Tunisia stalled during 2018 on reforming repressive laws and establishing key institutions to protect human rights. Although freedom of expression was generally respected, with a variety of independent media able to operate freely, Tunisian authorities continued to prosecute speech considered offensive to “public morals” or “public decency.” The state of emergency, which was declared in November 2015 following a deadly attack on the presidential guard, was last extended in October 2018 for a period of one month. Authorities used the state of emergency to impose house arrest on hundreds of people accused of threatening state security.
On May 6, Tunisia held its first municipal elections since a popular uprising ousted authoritarian president Zine el-Abidine Ben Ali in 2011. Independent lists came first nationwide, followed by lists from Ennahdha, the main Islamist party.
On June 12, a commission on Individual Freedoms and Equality, appointed by President Beji Caid Essebsi, delivered its report recommending decriminalizing sodomy, ensuring equality between men and women in inheritance, eliminating “morality” laws, and abolishing the death penalty. The president publicly endorsed the recommendation for legal equality in inheritance but has so far remained silent on the other recommendations.
Because parliament had failed to elect its allotted quota of Constitutional Court members, the body could not begin to perform its function, affirmed in the constitution, of scrutinizing and invalidating existing laws that do not conform with human rights standards. Several other constitutional authorities, such as the Human Rights Commission and Commission on Corruption and Good Governance, have yet to be established.
Authorities made progress in harmonizing legislation with the constitution. In 2016, parliament revised the Code of Criminal Procedure to grant suspects the right to a lawyer from the onset of detention, and shortened the maximum duration of pre-charge detention to 48 hours, renewable once, for all crimes except for terrorism cases, where pre-charge detention can last up to 15 days. Defense lawyers welcomed the new law for making it easier for them to visit their detained clients and monitor their treatment. Nevertheless, spotty implementation meant that lawyers did not always get prompt access, and detainees still suffered from violations of their due-process rights while in pre-charge custody.
Tunisian authorities continued to prosecute civilians in military courts based on articles in the code of military justice prohibiting the defamation of the army. A military court sentenced parliamentary deputy, Yassine Ayari, to three months in prison on June 26, 2018, for a Facebook post criticizing the army. He was also sentenced on March 27 to 16 days in prison for another blog post. On November 1, the military appeals court increased his sentence in this last case to three months in prison. The decision was not enforced and Ayari had not been imprisoned at time of writing.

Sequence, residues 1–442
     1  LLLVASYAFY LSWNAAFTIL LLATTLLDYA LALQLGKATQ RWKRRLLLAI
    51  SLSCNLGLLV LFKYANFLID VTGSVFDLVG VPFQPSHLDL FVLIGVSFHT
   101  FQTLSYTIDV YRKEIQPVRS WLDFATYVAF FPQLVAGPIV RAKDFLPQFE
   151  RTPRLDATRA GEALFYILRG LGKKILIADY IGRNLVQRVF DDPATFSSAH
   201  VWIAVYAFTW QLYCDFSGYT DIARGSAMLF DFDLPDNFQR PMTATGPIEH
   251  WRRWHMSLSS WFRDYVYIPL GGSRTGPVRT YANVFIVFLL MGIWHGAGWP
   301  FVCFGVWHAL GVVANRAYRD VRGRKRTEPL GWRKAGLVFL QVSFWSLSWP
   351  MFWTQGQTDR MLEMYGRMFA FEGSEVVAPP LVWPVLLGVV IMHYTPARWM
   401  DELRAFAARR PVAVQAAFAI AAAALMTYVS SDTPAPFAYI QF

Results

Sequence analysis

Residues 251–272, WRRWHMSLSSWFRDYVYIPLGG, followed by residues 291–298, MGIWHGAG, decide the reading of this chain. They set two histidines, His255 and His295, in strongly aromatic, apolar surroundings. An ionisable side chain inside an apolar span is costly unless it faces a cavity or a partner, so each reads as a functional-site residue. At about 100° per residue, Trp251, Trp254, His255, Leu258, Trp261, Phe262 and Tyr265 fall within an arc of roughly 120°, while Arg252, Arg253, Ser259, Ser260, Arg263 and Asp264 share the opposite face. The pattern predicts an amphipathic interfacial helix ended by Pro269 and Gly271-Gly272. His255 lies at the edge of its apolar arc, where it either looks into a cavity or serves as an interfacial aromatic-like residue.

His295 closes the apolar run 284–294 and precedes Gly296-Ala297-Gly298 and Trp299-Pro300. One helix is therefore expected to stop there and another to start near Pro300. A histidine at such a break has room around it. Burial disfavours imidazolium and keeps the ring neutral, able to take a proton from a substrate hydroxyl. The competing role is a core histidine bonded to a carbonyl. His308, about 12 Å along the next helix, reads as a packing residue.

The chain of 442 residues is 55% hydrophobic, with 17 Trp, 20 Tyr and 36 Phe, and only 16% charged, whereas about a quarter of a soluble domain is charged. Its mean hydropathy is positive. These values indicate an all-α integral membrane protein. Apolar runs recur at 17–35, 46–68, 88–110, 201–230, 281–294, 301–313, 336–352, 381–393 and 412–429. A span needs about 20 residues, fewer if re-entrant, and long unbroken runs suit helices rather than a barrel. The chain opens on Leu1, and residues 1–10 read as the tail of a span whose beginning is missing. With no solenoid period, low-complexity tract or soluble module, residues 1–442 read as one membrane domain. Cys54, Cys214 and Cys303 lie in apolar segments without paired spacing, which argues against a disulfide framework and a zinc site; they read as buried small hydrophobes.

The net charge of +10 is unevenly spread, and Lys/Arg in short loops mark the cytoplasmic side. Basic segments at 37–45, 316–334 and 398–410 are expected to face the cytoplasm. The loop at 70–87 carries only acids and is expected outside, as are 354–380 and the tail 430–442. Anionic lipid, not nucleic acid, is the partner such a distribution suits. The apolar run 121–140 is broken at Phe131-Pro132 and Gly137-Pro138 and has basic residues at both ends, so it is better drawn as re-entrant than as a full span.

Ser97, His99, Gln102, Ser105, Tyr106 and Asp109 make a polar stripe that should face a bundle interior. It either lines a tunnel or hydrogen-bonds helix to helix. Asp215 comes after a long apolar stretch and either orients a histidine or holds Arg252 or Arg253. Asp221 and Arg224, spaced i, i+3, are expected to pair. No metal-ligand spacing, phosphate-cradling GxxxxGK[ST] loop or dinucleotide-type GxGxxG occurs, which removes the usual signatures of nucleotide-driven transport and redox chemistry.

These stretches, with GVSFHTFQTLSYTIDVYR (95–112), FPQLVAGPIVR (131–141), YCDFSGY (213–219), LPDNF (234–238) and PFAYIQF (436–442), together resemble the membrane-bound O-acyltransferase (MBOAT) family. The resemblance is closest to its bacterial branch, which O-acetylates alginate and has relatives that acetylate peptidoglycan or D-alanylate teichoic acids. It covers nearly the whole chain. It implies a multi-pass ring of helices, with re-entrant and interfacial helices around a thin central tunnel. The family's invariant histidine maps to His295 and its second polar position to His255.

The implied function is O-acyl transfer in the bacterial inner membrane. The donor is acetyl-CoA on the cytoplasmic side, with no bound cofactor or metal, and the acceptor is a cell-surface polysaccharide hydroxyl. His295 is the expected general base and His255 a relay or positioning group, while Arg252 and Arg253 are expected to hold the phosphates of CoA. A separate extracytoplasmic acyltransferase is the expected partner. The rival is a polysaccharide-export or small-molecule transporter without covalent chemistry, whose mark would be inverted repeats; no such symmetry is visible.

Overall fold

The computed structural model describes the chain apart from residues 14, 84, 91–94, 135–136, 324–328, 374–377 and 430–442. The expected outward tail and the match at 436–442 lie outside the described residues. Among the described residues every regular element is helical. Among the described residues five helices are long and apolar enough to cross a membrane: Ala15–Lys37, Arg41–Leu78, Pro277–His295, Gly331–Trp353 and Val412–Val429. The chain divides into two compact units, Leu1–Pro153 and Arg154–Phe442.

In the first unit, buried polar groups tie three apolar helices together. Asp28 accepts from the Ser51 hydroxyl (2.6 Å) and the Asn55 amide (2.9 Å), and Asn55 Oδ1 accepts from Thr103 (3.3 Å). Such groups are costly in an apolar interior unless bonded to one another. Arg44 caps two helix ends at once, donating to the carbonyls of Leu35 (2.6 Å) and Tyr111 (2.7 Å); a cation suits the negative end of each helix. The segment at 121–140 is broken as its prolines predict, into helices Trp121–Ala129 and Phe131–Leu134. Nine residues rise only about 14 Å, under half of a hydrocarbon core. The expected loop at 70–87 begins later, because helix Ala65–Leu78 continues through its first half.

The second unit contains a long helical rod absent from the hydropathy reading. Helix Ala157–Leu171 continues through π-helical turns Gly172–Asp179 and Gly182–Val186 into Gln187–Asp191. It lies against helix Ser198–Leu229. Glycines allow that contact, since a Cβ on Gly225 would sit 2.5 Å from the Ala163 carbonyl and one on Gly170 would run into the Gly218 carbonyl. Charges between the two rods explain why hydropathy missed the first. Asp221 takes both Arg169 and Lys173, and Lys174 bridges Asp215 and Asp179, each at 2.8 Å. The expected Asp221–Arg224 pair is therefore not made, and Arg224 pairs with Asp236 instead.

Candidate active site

Tunisian authorities continued to use articles in the penal code and other laws that criminalize freedom of speech, despite adopting, in November 2011, Decree Law 115 on freedom of the press that liberalizes the legal framework applicable to written media. On September 13, 2018, a first instance court in Ben Arous gave Amina Mansour, a blogger, a suspended two-month prison sentence for a Facebook post in which she declared the head of government’s “war on corruption” to be “fake.” She was sentenced on the basis of article 86 of the Telecommunications Code, which criminalizes the offense of “harming others or disturbing their well-being through the internet,” and article 128 of the penal code, which penalizes defaming public servants.
In trying to quell the social protests that gripped much of Tunisia during January 2018, police beat those arrested and denied their right to a lawyer under Tunisian law. They also arrested and held for up to two days some people for blogposts or for distributing leaflets that peacefully criticized government policy and called for social justice. The United Nations special rapporteur on the rights to peaceful assembly and association expressed concern about reports of arbitrary arrests and disproportionate use of force during the protests.
Parliament adopted, on July 27, a new law creating a National Registry of Organizations that encroaches on Decree Law 88, adopted in 2011, which liberalized the legal framework governing associations. Under the new law, an association is required to file a “registration receipt,” a document the government is required to deliver to the association once it submits its bylaws and constitutive documents.